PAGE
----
Wednesday, September 12, 2007

Books We'll Be Reading Next Year

At the last Reader's Roundtable meeting we selected the books we'll be reading for the February to May 2008 meetings. It's quite a diverse list this time around, but it seems to strike a nice balance between serious and light reading. Anyway, it's always an adventure to discover new books. The chosen titles are listed below along with a brief description.

Philadelphia Fire: A Novel by John Edgar Wideman

In 1985 the police bombing of a West Philadelphia row house owned by the back-to-nature, Afrocentric cult known as Move killed eleven people and started a fire that destroyed sixty other houses. Inspired by this incident, this novel follows Cudjoe, a writer and exile who returns to the neighborhood a decade later to search for the lone survivor of the fire, a young boy who was seen running from the flames.
Saturday, February 2

The Thirteenth Tale: A Novel by Diane Setterfield
Author Vida Winter is old, ailing and ready to reveal the truth about the violent and tragic past she has kept secret. Calling on Margaret Lea, a young biographer troubled by her own painful history, Vida mesmerizes her with a life of gothic strangeness, and together, they learn to confront the ghosts that have haunted them.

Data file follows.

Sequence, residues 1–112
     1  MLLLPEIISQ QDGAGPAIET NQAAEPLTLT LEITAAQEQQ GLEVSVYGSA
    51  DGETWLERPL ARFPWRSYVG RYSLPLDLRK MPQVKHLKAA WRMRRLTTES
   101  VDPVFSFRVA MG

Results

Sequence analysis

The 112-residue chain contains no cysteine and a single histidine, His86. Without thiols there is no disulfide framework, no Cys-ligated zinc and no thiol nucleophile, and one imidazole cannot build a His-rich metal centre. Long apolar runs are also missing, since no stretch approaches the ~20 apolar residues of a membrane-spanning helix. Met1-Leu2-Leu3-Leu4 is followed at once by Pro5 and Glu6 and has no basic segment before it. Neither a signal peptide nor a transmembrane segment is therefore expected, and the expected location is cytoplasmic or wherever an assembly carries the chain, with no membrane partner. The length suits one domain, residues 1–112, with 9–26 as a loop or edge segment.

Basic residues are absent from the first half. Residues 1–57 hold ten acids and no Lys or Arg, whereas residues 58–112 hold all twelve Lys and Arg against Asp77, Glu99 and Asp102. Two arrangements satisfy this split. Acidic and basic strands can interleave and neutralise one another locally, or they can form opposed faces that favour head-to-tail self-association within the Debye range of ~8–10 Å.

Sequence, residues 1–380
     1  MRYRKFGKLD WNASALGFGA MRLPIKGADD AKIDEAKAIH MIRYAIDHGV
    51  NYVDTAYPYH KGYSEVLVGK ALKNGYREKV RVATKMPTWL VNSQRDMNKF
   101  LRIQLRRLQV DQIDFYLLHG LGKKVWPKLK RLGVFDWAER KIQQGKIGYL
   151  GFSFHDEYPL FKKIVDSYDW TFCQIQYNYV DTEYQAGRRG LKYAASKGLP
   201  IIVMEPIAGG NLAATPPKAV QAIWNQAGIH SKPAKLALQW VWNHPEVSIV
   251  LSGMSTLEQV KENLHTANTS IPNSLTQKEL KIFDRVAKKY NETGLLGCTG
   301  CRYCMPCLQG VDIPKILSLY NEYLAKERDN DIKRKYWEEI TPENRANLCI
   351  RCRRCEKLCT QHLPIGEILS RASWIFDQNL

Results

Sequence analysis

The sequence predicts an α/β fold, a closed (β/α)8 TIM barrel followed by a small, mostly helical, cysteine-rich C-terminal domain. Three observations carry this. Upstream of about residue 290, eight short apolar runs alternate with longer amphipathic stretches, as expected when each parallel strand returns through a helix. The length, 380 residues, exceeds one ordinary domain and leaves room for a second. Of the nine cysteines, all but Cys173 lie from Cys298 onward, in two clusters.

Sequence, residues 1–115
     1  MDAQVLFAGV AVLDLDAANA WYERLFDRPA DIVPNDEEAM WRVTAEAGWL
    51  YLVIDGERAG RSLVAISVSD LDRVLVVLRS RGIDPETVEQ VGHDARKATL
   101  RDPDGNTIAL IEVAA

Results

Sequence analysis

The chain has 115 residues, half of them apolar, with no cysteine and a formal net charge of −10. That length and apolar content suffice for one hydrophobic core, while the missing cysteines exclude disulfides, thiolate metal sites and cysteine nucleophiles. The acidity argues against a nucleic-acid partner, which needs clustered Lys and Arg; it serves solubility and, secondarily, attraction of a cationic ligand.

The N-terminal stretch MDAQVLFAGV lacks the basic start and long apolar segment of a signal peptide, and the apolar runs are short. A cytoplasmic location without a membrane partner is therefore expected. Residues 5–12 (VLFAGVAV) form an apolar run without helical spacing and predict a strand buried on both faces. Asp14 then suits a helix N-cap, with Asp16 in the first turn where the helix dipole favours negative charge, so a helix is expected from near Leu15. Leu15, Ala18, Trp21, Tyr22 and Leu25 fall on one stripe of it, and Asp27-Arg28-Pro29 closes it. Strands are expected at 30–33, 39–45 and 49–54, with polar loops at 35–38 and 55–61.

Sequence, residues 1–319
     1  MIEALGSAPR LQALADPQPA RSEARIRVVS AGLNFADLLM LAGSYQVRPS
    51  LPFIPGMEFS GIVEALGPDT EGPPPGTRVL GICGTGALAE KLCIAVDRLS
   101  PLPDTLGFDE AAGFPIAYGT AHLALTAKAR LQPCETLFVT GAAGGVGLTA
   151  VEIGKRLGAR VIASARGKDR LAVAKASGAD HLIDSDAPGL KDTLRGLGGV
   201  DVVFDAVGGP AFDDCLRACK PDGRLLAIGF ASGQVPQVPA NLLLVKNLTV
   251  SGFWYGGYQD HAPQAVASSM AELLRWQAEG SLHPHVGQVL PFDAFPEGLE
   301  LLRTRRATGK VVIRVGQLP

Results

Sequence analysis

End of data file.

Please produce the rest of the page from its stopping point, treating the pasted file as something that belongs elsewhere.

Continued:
Saturday, March 1

Half of a Yellow Sun by Chimamanda Ngozi Adichie
Half of a Yellow Sun re-creates Biafra’s struggle to establish an independent republic in Nigeria in the 1960s, by following the lives of three characters swept up in the turbulence. Thirteen-year-old Ugwu is employed as a houseboy for a university professor full of revolutionary zeal. Olanna is the professor’s beautiful mistress. And Richard is a shy young Englishman captivated by Olanna’s twin sister. As Nigerian troops advance and the three run for their lives, their ideals and loyalties are severely tested.
Saturday, April 5

Timothy, or Notes of an Abject Reptile by Verlyn Klinkenborg
Timothy, the world’s most famous, most studied tortoise, once lived in the garden of eighteenth-century curate Gilbert White. Here, he speaks out on his life in the garden, his nine-day adventure outside the gate, his observations of the curious habits and habitations of humans, and the natural world around him. Wry and wise, unexpectedly moving and enchanting at every–careful–turn, Timothy surprises and delights.
Saturday, May 3

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